• LED grow lights for Peyote: Efficient and low maintenance. Modern LED’s are taylor made to suit the required spectrums of plant growth and fruit production, with little wattage wasted on unusable light for your plants. Just make sure you get the 3watt + chips. The downside of LED’s is first and foremost the initial cost of the grow lights. Because of the amount of research and development that is required to produce high quality LED’s, the cost is significantly higher in comparison to older grow light technologies. Secondly, there is a mighty ocean of LED “grow lights” on the market and knowing which to choose may require a large amount of research on your part. Nearly all LED grow lights are made in china (or at least the components), they are all marketed as the best thing next to sliced bread. Purchasing the right LED grow light will either take an understanding of light spectrums, LED chipsets, and respective cooling systems, or spending a lot of your hard earned money buying and LED grow light from a company that has done the research for you. In truth, many of the LED lights found online aren’t worth the raw materials it takes to make them. That being said, when you find a good quality LED grow light and willing to foot the bill, they are user friendly and efficient. 




Which Fertilizer should I use on my Peyote?

     Fertilizer for Peyote: Feeding Peyote is not a complicated task. Peyote and most other cacti are adapted to grow in poor soil conditions. As long as the soil has excellent drainage, a small amount of nutrients and adequate calcium, Peyote will enjoy growing in it. A Cactus specific fertilizer at half  or a quarter strength every feeding will help your Peyote grow. A fertilizer with low nitrogen is recommended to keep your Peyote healthy. Too much nitrogen in your fertilizer will leave you with a host of problems. Find a fertilizer with low nitrogen (ie. 2-7-7), and use it at half the recommended strength to keep your Peyote growing well. In regards to soil, a simple off-the-shelf Cactus soil mixed with 50% perlite in addition to fertilizer will keep your Peyote in excellent health.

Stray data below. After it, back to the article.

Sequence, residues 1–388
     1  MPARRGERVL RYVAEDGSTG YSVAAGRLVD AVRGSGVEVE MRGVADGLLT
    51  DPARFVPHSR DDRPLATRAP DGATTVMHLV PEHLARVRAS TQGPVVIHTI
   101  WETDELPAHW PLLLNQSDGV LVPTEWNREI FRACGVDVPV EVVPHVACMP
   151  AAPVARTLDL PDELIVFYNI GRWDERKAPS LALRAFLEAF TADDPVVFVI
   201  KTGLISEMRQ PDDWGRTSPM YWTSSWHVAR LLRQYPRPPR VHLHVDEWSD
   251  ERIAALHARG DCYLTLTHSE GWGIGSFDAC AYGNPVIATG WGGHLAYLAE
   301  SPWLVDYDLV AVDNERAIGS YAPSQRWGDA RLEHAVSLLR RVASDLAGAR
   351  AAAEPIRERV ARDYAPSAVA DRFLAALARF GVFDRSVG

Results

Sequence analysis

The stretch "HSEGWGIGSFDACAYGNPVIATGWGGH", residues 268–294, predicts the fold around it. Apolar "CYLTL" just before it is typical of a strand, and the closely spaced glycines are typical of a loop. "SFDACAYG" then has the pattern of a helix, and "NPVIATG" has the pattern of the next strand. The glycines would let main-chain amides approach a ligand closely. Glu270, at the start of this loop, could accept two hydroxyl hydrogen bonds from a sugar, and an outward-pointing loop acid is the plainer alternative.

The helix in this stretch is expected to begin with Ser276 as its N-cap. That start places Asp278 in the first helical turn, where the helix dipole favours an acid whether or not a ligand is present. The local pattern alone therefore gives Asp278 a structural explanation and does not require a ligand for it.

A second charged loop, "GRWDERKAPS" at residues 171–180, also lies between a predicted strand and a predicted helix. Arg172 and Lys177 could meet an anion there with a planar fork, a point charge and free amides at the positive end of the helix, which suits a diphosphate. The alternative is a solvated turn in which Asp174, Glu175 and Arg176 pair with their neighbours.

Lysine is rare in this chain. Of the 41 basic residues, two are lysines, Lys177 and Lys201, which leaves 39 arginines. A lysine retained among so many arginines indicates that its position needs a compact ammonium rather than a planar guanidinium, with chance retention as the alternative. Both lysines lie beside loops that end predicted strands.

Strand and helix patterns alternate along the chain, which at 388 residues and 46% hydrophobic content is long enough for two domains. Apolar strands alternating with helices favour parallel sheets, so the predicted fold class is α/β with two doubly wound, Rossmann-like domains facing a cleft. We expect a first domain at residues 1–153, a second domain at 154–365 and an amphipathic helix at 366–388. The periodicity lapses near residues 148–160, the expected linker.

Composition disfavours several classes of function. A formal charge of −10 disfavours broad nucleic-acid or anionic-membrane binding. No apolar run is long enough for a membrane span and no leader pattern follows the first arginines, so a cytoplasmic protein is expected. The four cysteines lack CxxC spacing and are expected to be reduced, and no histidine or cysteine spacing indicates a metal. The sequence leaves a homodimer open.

How often should I repot my Peyote? 

Peyote absolutely love to be root bound and love to be very closely grown to one another. Repot only when you see a decline in growth or when the peyote’s tap root no longer fits in the pot. Growers often repot once a year to replenish the soil’s nutrients, but do not often upsize the pots. My personal rule of thumb is that my peyote when they are squeezing against each other too tightly. It may be of note that some cacti growers will plant all Lophophora species very closely to together as they will have better growth when root bound and very close to one another. Deep and narrow pots lend themselves well to growing Peyote to accomodate the large taproot as well as improved drainage. 




    How often should I water my Peyote?

Peyote come from the desert- they are accustomed to dry conditions. ONLY WATER ONCE THE SOIL HAS DRIED OUT COMPLETELY. How often you water is completely dependent on your soil and your plant’s growth. If your soil is mineral based, has superb drainage and your plant is growing quickly you may be able to water once a week or more. If your Peyote is growing in a shady location with clay/high humus soil that retains a lot of moisture, you may not want to water them more than once every six weeks. Either way, Peyote will grow far better with too little water than too much. This tidbit of information is contrary to houseplant logic, but the vast majority of Cacti are more than capable of thriving in extremely dry conditions.  Peyote can and do store water for later use. A Peyote indoors will only store as much water as they can hold. At this point the excess water is useless and if left too long will in turn cause rot. Peyote use their amazing ability to store water and grow profusely long after it’s soil has completely dried out. 

      Peyote go dormant during the winter months, and I would suggest you water very sparingly or just a few times in the winter season. Some collectors only water 2-3 times during the seasonal dormancy period. Peyote in the wild esily survive 3-4 months of drought without need for water. Let your plants be the judge of when they need water, but as a rule of thumb, once every 2-3 weeks during the growing season and once every 4-6 weeks in the winter. This will keep your plants in great condition. If there is one thing that I would pass on to you, it’s that too much water for your Peyote Cactus is detrimental. DO NOT water the plants until the soil has dried out completely- and be especially careful with the Caespitosa variant